There is a significant scene in Asit Sen’s Safar where Sharmila Tagore’s Neela, a surgeon, is called in to perform the first surgery of her life but to make it to her professional commitment, she has to bail out of dinner with her husband Shekhar, played by Feroz Khan. When she talks to him about it, he says all the right things but the way he says it, you know this relationship is doomed. His dismissive attitude, sarcastic remarks and his mistrust towards his wife, all masked in the name of love, are evident red flags to Neela but as most women do, she plans on making it work.
The easiest way to describe Safar would be by calling it a love triangle and while it is essentially that at its core, it examines the idea of love and romance from a grown-up lens, where love isn’t all rainbows and roses but often finds itself living in despair and disappointment. The third angle of this love triangle with Neela and Shekhar is Avinash, played by Rajesh Khanna.
When Avinash and Neela first meet as college students, it is obvious that there is something to their relationship, or that’s just our conditioning in watching a hero and heroine on screen. As the film moves on, and we see them enjoying their friendship, it looks like theirs could be a love story that completes them both. Eventually, when Neela asks Avinash if there is going to be more to this relationship, he respectfully declines, and she doesn’t ask any follow-up questions.
In a very Kal Ho Naa Ho-like twist to the story, Avinash reveals he has cancer and asks Neela to marry the rich Shekhar, who is anyway interested in her. It is significant to note here that Neela is well aware of being emotionally manipulated by the man she loves, but gives in anyway. The manipulation continues by her husband after they get married. On one end, Shekhar sings ‘Tum din ko agar raat kaho raat kahenge (If you say that a bright sunny day is night, I’ll agree)’, but also does not leave a chance to remind her of her ‘duty’ as a wife – to take care of his household even when she is supposed to be working.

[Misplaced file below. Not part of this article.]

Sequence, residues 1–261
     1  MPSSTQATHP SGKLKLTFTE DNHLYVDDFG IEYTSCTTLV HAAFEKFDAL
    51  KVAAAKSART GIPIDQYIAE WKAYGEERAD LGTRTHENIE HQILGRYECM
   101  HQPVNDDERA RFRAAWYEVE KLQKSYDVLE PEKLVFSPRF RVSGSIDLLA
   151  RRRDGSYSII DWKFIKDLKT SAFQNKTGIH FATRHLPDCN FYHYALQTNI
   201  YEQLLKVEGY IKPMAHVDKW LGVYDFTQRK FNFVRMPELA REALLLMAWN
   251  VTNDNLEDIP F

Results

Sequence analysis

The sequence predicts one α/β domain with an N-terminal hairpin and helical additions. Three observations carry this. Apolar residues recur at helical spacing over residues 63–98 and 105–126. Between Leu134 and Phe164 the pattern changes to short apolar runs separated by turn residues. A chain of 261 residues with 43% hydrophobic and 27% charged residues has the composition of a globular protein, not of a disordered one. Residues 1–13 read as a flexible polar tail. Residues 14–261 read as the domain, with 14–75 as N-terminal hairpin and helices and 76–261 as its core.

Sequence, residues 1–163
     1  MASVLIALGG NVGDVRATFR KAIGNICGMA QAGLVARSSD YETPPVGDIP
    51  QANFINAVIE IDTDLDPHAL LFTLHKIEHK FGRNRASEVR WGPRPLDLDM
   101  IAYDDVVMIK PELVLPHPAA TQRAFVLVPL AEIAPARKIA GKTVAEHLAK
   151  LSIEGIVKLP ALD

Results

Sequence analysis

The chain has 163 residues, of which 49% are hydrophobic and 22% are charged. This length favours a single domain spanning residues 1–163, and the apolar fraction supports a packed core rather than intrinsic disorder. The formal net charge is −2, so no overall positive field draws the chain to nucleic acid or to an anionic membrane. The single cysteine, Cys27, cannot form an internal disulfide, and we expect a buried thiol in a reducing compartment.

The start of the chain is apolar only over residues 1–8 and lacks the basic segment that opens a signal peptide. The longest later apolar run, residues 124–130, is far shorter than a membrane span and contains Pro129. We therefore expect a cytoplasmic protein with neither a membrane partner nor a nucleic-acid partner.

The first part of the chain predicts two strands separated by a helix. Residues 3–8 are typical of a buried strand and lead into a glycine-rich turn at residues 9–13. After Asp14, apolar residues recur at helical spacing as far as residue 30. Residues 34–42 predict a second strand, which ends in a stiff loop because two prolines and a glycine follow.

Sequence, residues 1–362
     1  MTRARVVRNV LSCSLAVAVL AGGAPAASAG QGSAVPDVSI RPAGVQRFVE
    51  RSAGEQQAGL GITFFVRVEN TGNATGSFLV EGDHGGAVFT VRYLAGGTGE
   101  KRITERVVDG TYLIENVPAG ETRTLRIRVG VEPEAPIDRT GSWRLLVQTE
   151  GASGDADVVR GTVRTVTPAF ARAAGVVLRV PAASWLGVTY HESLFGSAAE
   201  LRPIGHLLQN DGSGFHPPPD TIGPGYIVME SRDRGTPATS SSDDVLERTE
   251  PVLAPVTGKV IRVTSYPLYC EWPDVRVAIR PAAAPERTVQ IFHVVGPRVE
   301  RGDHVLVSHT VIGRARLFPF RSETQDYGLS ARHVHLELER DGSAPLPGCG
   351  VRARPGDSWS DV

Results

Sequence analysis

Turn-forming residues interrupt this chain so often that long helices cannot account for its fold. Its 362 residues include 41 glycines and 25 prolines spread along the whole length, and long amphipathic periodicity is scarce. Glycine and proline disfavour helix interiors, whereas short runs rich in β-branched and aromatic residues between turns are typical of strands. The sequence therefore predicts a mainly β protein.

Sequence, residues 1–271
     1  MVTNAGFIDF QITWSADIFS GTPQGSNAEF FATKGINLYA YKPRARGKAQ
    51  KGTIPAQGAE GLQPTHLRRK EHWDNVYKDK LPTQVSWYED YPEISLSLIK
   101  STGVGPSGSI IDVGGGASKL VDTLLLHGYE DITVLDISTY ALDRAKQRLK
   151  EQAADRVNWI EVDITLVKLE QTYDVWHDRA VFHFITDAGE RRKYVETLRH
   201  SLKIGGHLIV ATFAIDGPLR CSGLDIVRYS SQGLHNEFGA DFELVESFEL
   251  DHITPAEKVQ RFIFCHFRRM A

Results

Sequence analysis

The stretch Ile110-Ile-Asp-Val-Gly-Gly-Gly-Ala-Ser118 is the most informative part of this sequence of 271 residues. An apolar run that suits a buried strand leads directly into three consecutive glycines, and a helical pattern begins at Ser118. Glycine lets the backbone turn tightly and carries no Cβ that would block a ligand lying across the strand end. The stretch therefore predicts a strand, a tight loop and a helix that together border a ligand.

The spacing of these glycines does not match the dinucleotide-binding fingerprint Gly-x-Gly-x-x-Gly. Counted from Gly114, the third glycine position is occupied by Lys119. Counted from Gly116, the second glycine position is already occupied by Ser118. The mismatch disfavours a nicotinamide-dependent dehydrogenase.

Best of Express Premium
For Rajesh Khanna, who played an eternal optimist in Anand (which came after Safar), this film is a darker story where his Avinash oscillates between battling his demons and living life to the fullest. As Avinash broods in front of his muse’s portrait in a dark room, he is visibly unhappy with her decision to get married but keeps reminding himself that it’s probably for the best. Neela, on the other hand, embraces the love from Shekhar but cannot let go of the attachment she has formed with Avinash.
Safar is presented as a tragic story where no one gets what they want, but it is Neela who gets blamed for everything but the filmmaker is extremely wary of how he handles it. When Shekhar dies by suicide due to a misunderstanding, Neela finds herself as the accused. Even when Avinash dies due to his long-standing illness, it is she who is accused. And in both these cases, the accusation comes from the fact that she never gave her undivided attention to these men.
Safar belongs to an era of movies where music was the backbone of a film. And much like many of its contemporaries, Safar’s music is melded into its screenplay. Composed by Kalyanji Anandji, with lyrics by Indeevar, the album’s songs appear to highlight a character’s state of mind. For instance when we hear ‘Hum the jinke sahare‘, Neela is struggling to accept how her and Avinash’s relationship can never get to the next level. Or when Avinash hears ‘Nadiya chale chale re dhara‘, it is to accentuate his state as a cancer patient, and accept his fate.
Safar does not defend its entitled, manipulative men, but it also does not defend its faultless woman. It punishes Sharmila Tagore’s Neela, for loving her work, and accepts that the only way she could prosper was by letting go of the men in her life. One cannot help but wonder, what if Neela was just celebrated for her work without the burden of those decaying relationships? Both men in her life were just too absorbed by how they saw her, instead of what she was as an individual.
Over five decades have passed since the release of Safar, but the film, and especially the complex nature of relationships, are just as relatable. They might seem orthodox and dated, but women in 2022 continue to live in a lopsided world.